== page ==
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Washington’s demographics are changing. Though once known as “The Chocolate City,” the district dropped below 50 percent black in 2011 for the first time since the ‘60s. Gentrification has taken its toll on the traditional carryout and soul food restaurants.
“As far as I know, there may be only one or two black soul food restaurants left,” Jackson said. “There used to be many when I came in … they’re just gone. A lot of it has to do with not being able to afford where the places were before.”
With that decline, mumbo sauce has had to evolve to survive, finding success outside its original neighborhoods.
“It’s hard to find a good quality mumbo sauce,” Douglas said. “If you do find it outside a Chinese restaurant, it’s that restaurant’s version of a mumbo sauce, so you just got to hope they make a good mumbo sauce. In the Chinese restaurants, their mumbo sauce has become more watered down.”
Douglas prefers to get his wings and mumbo from a location familiar to many students: Wingo’s, at the intersection of Wisconsin Avenue and O Street in Georgetown.
“Fifteen years ago, we didn’t have mumbo on the menu. We didn’t have the memo. Everyone kept asking me ‘do you have this sauce?,’ so we went out and got it,” said Michael Arthur, the manager of Wingo’s. Now, it’s their best seller.
“If you were looking at the flavors of sauce, and said ‘Mike, what should I order?,’ I would say, ‘Oh, try five mumbo and five garlic parmesan, or five mumbo and five lemon pepper.’”
At Wingo’s, the mumbo sauce is rust orange, with sweet, smoky flavors, and a surprising heat. The unique taste comes from a secret ingredient.
“If you look at the ingredients [of a traditional mumbo sauce], it’s just ketchup, or tomato sauce, vinegar, and hot sauce,” Arthur said. “We tweaked it, because I needed something a little more spicy, so we took it, and added Thai chili peppers.” When Wingo’s first started making mumbo, they carried both a traditional version and the spicier version. After a year, they stopped serving the traditional because there simply wasn’t demand.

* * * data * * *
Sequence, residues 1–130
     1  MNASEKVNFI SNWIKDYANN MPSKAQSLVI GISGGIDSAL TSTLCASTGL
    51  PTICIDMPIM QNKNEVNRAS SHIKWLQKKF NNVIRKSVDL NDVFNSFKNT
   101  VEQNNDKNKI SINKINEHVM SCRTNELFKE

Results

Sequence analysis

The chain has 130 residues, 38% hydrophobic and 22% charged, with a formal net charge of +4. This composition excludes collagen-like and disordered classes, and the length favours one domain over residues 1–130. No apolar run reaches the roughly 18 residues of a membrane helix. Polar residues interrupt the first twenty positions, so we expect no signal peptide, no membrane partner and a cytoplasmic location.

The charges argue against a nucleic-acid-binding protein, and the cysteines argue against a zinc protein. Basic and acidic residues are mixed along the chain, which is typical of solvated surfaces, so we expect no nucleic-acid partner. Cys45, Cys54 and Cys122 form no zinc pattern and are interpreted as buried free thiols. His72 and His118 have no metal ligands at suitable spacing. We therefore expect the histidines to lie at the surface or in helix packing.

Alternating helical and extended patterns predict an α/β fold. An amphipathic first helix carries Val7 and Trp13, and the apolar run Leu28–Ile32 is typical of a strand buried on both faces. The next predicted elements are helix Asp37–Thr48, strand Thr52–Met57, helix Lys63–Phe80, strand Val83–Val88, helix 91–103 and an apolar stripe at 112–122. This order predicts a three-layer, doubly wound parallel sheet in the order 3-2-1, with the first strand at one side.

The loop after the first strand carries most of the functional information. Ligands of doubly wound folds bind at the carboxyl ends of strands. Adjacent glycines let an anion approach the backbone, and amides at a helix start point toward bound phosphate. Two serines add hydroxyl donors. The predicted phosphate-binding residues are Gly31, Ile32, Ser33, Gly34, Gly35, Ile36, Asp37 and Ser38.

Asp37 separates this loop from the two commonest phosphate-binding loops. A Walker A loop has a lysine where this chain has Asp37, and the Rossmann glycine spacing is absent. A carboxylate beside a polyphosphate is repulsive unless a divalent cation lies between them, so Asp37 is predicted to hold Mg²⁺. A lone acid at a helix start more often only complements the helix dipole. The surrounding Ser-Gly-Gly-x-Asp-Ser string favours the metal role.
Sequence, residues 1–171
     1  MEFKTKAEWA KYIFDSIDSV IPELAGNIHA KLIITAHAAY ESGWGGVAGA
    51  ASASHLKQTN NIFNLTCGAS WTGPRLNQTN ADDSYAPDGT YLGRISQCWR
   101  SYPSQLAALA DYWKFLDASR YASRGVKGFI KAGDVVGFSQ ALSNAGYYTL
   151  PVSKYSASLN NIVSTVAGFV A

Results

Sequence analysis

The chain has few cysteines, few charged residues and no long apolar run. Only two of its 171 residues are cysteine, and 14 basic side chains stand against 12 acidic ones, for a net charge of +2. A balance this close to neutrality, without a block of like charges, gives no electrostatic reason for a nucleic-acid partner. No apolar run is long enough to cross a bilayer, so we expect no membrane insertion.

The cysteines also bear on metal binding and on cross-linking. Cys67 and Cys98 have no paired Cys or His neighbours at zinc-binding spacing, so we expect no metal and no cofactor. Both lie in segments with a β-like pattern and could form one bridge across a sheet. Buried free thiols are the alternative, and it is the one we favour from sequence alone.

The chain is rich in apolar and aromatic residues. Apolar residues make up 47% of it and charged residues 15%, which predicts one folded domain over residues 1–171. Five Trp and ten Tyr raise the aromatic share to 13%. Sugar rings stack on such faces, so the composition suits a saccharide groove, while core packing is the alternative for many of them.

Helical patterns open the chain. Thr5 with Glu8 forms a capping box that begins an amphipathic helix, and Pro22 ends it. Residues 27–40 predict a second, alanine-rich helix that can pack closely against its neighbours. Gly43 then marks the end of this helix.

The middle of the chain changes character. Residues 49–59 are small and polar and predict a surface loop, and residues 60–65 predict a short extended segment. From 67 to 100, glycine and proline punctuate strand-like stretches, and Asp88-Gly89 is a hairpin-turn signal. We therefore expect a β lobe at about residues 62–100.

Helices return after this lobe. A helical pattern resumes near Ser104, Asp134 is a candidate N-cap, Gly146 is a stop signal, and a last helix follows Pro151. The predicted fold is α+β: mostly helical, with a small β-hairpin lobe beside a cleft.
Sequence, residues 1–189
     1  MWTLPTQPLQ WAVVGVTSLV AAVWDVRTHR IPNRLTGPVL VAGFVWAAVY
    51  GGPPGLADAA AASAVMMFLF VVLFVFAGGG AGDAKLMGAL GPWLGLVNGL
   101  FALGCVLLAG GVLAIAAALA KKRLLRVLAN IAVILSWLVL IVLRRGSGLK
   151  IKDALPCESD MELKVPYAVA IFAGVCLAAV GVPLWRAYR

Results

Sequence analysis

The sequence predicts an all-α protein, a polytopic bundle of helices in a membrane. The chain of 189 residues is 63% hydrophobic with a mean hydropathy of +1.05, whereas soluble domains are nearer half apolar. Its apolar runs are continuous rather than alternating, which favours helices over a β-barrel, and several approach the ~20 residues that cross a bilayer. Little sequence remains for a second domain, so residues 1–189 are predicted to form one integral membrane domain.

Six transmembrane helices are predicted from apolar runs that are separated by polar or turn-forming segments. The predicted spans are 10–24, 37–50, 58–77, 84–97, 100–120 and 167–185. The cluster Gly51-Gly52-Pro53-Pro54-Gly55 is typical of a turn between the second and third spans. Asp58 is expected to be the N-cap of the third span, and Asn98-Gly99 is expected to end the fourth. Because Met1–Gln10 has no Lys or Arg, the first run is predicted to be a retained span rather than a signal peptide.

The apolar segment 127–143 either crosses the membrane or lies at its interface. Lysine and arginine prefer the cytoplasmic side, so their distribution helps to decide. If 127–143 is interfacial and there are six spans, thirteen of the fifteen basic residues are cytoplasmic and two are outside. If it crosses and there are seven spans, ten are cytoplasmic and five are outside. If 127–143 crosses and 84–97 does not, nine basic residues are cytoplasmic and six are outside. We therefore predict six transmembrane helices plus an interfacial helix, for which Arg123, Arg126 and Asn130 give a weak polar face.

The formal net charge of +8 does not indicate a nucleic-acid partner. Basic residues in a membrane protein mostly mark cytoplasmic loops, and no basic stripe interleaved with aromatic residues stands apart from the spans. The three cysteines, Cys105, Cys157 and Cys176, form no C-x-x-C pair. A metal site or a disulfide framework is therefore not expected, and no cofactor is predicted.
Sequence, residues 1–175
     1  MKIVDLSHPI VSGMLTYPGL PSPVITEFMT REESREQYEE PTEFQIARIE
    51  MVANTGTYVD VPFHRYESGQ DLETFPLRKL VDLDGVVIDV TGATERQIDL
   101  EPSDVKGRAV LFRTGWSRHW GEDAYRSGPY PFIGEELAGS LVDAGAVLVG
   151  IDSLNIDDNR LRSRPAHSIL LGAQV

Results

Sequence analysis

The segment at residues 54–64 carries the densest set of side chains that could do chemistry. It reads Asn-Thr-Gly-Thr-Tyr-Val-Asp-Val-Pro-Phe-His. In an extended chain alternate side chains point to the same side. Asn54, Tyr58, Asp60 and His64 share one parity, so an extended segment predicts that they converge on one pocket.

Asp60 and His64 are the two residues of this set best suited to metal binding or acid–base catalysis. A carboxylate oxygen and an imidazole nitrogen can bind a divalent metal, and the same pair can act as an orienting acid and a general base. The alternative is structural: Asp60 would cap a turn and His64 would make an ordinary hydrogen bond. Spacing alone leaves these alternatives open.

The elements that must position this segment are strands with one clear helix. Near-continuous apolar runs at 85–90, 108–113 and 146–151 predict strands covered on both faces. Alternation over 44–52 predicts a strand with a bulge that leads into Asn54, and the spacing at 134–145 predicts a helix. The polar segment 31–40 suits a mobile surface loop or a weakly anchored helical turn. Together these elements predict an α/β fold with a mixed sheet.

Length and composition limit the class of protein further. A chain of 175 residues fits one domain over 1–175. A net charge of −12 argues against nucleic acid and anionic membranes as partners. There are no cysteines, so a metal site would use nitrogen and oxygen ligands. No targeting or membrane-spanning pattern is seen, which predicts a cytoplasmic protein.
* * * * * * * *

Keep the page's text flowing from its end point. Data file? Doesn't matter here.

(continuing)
While Buffalo wings are traditionally dipped in blue cheese, Arthur recommends pairing mumbo wings with ranch. Ranch might not be a traditional feature of the carryout restaurant, but the creaminess of the dressing complements the crunch of the fried chicken and the heat of the Thai chilies.
As mumbo has entered the culture of the new Washington, more and more commercial mumbo products have emerged on the market. Capital City Company bottles and sells mumbo sauce, with mild and sweet hot varieties appearing on the shelves of district stores. In Columbia, Md., Black Flag Brewing Company even bottles a mumbo sauce beer.
“When me and my friends would go out, we’d have a couple drinks, and then we’d always end up at this carryout place, that has chicken and wings and fries and all that,” said Brian Gaylor, the founder of Black Flag. “The food was junk, but the best part is that they covered it all in mumbo sauce.”
The beer is citrusy, and the slight acidic tang is mildly reminiscent of the sauce. The name mostly comes, however, from the idea that just like carryout food drenched in mumbo sauce, the 8.0 percent ABV double IPA is smothered in hops.
Both the city and the sauce have undergone fundamental changes. But it seems like as long as there’s a District, there will be mumbo.
“If I had friends coming to D.C., and they asked me what to do,” Arthur said, “I would say, ‘Go to the monuments and eat mumbo sauce.’”
Image Credits: Alex Lewontin